TL;DR: kube-restrict-ip allows you to restrict access to specified TCP ports of the Kubernetes nodes to defined set of IP addresses. Configuration for
kube-restrict-ip is provided via a ConfigMap and it can be reconfigured in a live cluster by creating or editing this
Okay, let's imagine we have a Kubernetes cluster and deployed NGINX Ingress Controller. Its deployment descriptor specified use of
hostNetwork: true for a great reason: this way NGINX running in a pod can directly see the network interfaces of the host machine where the pod was started. But the side effect of such setup is any service running in a pod will be directly accessible by the outside world, for example Prometheus metrics service running on port 10254.
Surely, we could manually add iptables rules for any node we need to restrict access to these ports, but it isn't in any way match Kubernetes ideology of the dynamic environment where nodes and pods can be created and destroyed at any moment. So, it will be great if these iptables rules will be also created automatically. And here we come to the
kube-restrict-ip is a little utility written in Go that creates an iptables chain containing matching rules for user-specified IP addresses (hosts and CIDR ranges), and a rule in INPUT chain that routes requests bound to restricted ports to rules chain. All unmatched IPs will be rejected.
The simplest way to apply these restrictions to all nodes in a Kubernetes cluster is launch the
kube-restrict-ip utility as a DaemonSet.
kube-restrict-ip repo includes an example kube-restrict-ip.yaml file that can be used to launch the kube-restrict-ip as a DaemonSet:
kubectl create -f kube-restrict-ip.yaml
kube-restrict-ip container will wait for a config file mounted to
/etc/kube-restrict-ip/config.yaml mount point. This file can be provided via a
ConfigMap, so it can be reconfigured in a live cluster by creating or editing this
kube-restrict-ip repo includes an example config file that could be used to create the
ConfigMap in your cluster:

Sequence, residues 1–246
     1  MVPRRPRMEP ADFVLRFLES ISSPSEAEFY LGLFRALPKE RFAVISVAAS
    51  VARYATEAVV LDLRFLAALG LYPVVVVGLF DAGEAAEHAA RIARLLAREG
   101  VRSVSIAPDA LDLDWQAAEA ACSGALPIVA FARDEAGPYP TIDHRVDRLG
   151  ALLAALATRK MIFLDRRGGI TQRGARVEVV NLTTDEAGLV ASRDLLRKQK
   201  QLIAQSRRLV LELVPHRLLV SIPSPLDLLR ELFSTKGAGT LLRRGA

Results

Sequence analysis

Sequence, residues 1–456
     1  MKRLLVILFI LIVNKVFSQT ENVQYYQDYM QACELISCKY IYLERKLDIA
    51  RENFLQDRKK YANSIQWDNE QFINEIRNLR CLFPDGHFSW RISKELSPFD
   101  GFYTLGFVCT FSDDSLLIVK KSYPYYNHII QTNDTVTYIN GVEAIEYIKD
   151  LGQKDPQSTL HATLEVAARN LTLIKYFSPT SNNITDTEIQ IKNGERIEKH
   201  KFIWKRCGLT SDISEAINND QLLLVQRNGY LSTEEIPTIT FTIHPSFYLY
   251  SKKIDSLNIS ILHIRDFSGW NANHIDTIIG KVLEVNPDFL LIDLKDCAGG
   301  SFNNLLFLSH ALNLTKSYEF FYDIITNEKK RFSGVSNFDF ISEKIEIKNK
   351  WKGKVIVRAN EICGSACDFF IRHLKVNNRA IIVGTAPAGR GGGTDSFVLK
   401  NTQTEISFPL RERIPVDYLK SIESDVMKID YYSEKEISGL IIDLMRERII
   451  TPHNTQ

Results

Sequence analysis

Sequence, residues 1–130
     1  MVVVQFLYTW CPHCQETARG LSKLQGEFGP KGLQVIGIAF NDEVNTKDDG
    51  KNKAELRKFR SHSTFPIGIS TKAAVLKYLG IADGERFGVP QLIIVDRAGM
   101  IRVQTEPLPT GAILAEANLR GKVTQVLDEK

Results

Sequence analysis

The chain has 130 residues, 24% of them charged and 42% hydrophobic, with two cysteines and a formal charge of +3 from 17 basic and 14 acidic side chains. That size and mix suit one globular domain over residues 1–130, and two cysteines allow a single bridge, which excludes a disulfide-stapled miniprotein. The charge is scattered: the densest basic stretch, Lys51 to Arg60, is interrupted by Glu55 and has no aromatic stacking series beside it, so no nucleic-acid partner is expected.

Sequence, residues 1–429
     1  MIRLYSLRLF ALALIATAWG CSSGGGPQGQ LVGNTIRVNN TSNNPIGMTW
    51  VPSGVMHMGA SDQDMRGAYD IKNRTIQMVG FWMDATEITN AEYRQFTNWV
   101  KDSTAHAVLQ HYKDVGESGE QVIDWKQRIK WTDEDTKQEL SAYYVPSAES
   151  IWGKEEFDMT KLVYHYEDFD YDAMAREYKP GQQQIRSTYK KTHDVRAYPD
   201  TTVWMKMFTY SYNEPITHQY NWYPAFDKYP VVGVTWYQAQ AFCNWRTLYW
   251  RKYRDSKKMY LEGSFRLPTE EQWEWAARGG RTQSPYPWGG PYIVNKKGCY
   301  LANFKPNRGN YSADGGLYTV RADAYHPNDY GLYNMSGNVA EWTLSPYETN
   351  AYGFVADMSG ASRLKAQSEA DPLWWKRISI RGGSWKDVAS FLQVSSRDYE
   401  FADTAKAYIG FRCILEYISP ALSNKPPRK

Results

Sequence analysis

kubectl create configmap kube-restrict-ip --from-file=config.yaml --namespace=kube-system
Please note that the
ConfigMap in the same namespace as the DaemonSet Pods, and named the
kube-restrict-ip to match the DaemonSet spec. This is necessary for the
ConfigMap to appear in the Pods' filesystems.
Let's look into example
restrictedPorts: - 9100 - 10254 allowedNetworks: - 127.0.0.1 - 10.244.0.0/16 - 172.17.0.1/16 checkInterval: 60s
restrictedPorts: A list restricted TCP ports (required).
allowedNetworks: A list allowed hosts and networks in CIDR notation (required). Please don't forget to add all internal networks here (docker, flannel, etc).
checkInterval: The interval to check config for updates (optional, default 60s). The syntax is any format accepted by Go's time.ParseDuration function. Please note that
ConfigMapupdates are propagated in the Kubernetes cluster with some delay which by my observations is about a minute, so setting
checkIntervalto values less of several tens seconds makes little sense.
There is another option not included in the example above:
ipChain: iptables chain name (optional, default "KUBE-RESTRICT-IP"). You could use it for specifying alternate rules chain name in case of multiple
kube-restrict-iprunning in a cluster.
After applying this config file to
kube-restrict-ip, the next iptables rules will be created at the Kubernetes node:
# iptables --list Chain INPUT (policy ACCEPT) target prot opt source destination KUBE-RESTRICT-IP tcp -- 0.0.0.0/0 0.0.0.0/0 multiport dports 9100,10254 /* kube-restrict-ip */ ... Chain KUBE-RESTRICT-IP (1 references) target prot opt source destination RETURN all -- localhost anywhere RETURN all -- 10.244.0.0/16 anywhere RETURN all -- 172.17.0.0/16 anywhere REJECT all -- anywhere anywhere reject-with icmp-port-unreachable
kube-restrict-ip is an utility focused in providing a simple way to restrict access to the services in a Kubernetes cluster. You could use it to limit access to ports exposed by pods with
hostNetwork: true, like Prometheus metrics services, and modify these restrictions on the fly using a Kubernetes